Simon Marcus Gower
Willie Nelson can prove to be too much of an acquired taste for some listeners. A friend of mine, who openly and happily calls herself a country music fan, has never been able to appreciate him, complaining of his “nasal, whining voice” and claiming that she herself sings just as well in the shower. She says he tries to be “too pop” and so dilutes his genre.
She’s not going to enjoy his new album, “Heroes.” Nelson is at it again, drawing songs from diverse sources and collaborating with some unexpected guests.
Nelson has been on the planet for the better part of eight decades, and for six of those, he has been a recording artist. Quantity doesn’t always speak to quality, but Nelson must be more than a shower singer to have racked up more than 60 studio albums and sales estimated to top 75 million copies. With a track record like that and a similarly impressive touring history, it’s little wonder that on this album, Nelson sounds relaxed.
He also seems comfortable with the musical company he keeps, including collaborating artists that span several generations. There are old friends like Merle Haggard, Kris Kristofferson and Ray Price, newer friends like Sheryl Crow, Nelson’s two sons, and amazingly enough, rapper Snoop Dogg.
“Heroes” sounds like a group of friends getting together to sing some old country classics, some nearly as old as Nelson himself. But the group covers newer ground now. It was quite a surprise to hear Nelson covering Coldplay’s “The Scientist.”
The presence of rapper Snoop Dogg on a country album will raise a few eyebrows, but his appearance on “Roll Me Up and Smoke Me When I Die,” where he sings with Nelson and Kristofferson, will more than likely appease fans.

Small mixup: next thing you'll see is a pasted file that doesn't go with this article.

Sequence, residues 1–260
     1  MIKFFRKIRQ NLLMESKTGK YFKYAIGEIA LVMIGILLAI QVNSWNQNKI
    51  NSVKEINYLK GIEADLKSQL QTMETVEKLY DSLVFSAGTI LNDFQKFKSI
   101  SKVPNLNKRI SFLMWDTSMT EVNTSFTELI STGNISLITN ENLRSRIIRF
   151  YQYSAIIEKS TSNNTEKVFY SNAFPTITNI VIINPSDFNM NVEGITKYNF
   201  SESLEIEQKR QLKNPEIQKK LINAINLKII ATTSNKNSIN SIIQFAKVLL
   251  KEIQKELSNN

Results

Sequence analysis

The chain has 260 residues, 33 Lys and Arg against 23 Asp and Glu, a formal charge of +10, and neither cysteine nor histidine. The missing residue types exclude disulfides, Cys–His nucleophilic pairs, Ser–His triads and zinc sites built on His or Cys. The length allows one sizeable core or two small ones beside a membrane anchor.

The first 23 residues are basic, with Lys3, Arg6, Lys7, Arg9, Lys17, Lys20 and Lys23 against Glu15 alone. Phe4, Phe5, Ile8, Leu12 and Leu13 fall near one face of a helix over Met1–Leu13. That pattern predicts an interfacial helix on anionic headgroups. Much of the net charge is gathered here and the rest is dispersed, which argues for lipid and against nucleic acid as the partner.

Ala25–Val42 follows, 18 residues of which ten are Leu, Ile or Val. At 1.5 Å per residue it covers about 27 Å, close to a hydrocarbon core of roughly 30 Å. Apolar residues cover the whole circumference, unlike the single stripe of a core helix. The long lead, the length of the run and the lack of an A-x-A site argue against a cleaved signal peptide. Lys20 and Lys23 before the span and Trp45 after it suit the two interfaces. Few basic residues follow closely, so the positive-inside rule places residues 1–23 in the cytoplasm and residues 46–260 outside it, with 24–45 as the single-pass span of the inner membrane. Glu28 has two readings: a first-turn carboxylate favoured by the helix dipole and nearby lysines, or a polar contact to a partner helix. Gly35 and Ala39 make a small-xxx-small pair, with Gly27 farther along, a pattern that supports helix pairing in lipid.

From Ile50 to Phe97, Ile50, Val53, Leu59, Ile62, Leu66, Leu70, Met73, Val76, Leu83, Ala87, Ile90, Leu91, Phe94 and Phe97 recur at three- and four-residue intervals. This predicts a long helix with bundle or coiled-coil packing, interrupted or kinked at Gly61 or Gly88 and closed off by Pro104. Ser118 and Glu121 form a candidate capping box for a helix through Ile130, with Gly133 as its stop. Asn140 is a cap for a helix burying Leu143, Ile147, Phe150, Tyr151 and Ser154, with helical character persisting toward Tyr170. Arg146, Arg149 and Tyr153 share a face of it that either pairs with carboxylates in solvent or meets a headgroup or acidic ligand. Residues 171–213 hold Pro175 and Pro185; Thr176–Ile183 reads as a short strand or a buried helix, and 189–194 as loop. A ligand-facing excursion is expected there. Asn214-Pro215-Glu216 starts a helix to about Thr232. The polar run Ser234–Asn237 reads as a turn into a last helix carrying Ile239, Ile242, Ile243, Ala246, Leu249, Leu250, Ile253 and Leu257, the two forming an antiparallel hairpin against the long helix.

Either way, that track is biggest risk found on “Heroes.” For the most part, Nelson plays it safe.
On the opening track Nelson sings one of his own songs, “A Horse Called Music,” with fellow country music outlaw Haggard. The combination of their voices — Haggard’s deep and gravelly tones and Nelson’s familiar nasal trembling — works well. There does seem to be more trembling in Nelson’s voice, perhaps the years are taking their toll. Perhaps, more cynically, the guest artists are there to help make up for his weakening vocal ability.
But let us not be too cynical when it comes to Nelson’s voice. Sure, it is not the most powerful of instruments (it never has been), but his phrasing and effortless delivery are a pleasure to listen to, as are the steel guitars and harmonicas. These elements all come together to create a pleasingly mellow sound, which is undoubtedly easy-listening, but no worse for that.
It is an album of slow songs, perhaps not a surprise for a country music album. A couple of tracks might loosely fall into a more dynamic swing tempo, but there is nothing here that is going to disturb the neighbors.
Much of the album features Nelson’s son Lukas, who wrote three tracks and performs on a number of others. His voice is similar to his father’s and there’s a feel of passing the baton from one generation to the next.
Nelson’s voice brings a wit and wisdom that is the product of years of singing and recording. However, at 79, it has to be recognized that he cannot go on forever. Maybe the lyric from “A Horse Called Music” sums it up best: “Now all that’s left is a time-old worn cowboy, with nothing more than the sweet by and by.”